The shrines have now been rebuilt and Reuters Toby Sterling in Amsterdam says Mahdi wants to leave all that behind.>> He pleaded guilty. He said that he in fact had done everything that he was accused of doing, smashing these ancient shrines that date back to the 14th century.
He was very remorseful, he told the judges that it was the biggest mistake of his life and that he actually hoped for a long prison sentence. Long enough that he could be forgiven by his own society and eventually reintegrated.>> The case is a first for the ICC on three counts.
It's their first hardline Islamist, their first guilty plea, and the first indictment focused on the destruction of cultural artifacts. Mahdi's confession is likely to lead to a conviction, which is also rare for this court.>> That there haven't been that many convictions actually in the 14 years that it's been in existence, there have only been three other convictions.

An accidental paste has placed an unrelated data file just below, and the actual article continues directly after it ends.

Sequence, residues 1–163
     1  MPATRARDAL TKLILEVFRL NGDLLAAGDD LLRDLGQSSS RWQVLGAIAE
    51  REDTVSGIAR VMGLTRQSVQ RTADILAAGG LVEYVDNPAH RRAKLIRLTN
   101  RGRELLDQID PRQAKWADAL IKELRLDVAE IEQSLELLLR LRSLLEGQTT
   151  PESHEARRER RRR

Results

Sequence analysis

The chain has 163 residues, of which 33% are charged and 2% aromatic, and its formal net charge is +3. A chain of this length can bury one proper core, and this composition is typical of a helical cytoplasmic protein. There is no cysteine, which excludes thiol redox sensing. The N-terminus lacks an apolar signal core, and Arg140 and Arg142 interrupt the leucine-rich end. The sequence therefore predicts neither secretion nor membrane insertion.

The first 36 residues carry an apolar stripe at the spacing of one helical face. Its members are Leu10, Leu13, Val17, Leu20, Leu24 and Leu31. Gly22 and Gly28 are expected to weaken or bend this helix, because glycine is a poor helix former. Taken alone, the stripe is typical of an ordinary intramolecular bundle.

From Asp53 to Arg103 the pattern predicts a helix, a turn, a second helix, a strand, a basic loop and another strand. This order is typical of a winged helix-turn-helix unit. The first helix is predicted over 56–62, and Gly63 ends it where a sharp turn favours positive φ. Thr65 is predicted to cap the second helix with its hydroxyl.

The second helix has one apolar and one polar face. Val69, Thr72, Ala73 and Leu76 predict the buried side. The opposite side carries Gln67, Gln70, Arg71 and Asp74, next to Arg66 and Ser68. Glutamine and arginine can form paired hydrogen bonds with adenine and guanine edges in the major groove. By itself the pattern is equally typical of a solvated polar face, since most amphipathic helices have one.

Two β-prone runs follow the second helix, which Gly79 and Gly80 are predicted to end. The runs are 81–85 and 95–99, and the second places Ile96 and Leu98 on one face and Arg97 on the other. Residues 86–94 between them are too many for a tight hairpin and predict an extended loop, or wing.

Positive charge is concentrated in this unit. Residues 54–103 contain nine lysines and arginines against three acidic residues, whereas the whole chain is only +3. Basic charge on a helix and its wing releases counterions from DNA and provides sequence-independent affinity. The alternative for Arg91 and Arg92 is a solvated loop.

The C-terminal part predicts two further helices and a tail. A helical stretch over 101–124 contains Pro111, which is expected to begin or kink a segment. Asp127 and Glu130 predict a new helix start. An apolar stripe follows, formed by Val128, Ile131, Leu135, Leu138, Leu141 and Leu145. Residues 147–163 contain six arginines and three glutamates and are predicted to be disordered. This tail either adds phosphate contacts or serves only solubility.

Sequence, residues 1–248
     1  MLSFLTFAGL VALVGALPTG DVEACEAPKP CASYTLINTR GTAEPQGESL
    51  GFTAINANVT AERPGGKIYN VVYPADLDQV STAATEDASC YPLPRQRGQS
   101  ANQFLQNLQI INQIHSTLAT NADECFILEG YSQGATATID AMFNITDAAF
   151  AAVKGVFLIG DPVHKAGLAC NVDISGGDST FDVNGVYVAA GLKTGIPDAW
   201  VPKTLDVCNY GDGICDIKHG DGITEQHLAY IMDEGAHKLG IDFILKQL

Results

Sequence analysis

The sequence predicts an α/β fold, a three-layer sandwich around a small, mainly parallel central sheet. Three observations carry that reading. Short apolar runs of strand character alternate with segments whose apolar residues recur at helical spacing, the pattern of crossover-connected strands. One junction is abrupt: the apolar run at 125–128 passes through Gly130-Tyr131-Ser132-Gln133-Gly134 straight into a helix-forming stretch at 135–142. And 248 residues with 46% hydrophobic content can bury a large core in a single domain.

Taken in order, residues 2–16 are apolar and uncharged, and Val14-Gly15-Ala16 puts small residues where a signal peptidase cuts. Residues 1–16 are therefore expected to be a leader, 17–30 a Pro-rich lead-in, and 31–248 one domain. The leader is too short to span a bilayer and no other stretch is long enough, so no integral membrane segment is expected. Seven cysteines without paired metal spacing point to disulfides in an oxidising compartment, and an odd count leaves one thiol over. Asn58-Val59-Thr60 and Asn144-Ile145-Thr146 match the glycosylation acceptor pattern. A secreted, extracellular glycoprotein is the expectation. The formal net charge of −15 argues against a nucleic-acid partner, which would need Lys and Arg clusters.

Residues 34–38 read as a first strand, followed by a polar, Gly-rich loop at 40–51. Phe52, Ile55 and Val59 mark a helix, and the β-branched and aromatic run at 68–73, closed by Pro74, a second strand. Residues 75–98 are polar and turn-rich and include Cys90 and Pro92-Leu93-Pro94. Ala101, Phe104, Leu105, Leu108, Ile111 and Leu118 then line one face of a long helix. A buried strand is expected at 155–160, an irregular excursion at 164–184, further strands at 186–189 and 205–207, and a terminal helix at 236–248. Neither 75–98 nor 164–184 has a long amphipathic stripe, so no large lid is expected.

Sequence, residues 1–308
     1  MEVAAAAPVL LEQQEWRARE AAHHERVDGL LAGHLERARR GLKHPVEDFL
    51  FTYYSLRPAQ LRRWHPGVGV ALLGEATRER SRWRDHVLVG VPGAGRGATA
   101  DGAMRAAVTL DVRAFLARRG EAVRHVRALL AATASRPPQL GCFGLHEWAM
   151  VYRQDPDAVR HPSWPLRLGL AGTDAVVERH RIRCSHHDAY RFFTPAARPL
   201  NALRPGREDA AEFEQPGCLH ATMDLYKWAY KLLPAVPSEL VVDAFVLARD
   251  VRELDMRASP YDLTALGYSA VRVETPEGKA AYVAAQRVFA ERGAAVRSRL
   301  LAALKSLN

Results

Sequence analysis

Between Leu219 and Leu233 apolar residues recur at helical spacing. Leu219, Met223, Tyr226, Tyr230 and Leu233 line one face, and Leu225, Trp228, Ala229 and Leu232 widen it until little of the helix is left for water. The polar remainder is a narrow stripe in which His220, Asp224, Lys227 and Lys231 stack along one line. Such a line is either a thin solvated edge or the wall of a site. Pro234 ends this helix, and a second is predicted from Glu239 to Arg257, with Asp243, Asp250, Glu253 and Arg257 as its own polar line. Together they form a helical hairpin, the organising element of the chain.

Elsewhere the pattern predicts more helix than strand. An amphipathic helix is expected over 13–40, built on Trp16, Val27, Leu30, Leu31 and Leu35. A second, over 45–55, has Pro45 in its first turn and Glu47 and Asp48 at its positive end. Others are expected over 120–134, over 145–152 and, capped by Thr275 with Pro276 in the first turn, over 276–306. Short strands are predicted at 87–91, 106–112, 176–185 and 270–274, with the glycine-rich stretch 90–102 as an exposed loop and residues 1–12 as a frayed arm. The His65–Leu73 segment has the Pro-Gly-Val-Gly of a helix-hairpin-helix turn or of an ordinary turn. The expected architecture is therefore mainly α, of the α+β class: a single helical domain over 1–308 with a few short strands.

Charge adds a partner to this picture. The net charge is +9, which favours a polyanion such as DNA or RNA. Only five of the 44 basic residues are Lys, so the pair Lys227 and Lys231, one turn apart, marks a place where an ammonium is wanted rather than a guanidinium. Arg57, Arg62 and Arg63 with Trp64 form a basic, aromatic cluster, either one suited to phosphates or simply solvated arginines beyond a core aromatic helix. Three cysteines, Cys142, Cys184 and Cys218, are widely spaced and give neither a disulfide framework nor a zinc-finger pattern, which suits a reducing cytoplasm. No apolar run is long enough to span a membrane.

It's very likely now that he will be convicted, though that still has to happen. It also saves a lot of time and money, to put it bluntly, for the court to have a case that goes smoothly and where everyone agrees what's been done is a crime.>> The ICC now also being urged to charge Islamic State fighters for the destruction of the ancient Syrian city of Palmyra.
Syria isn't a member of the ICC, this is only possible if the UN refers the case and even if that happens, it's unlikely to play out as smoothly as this.>>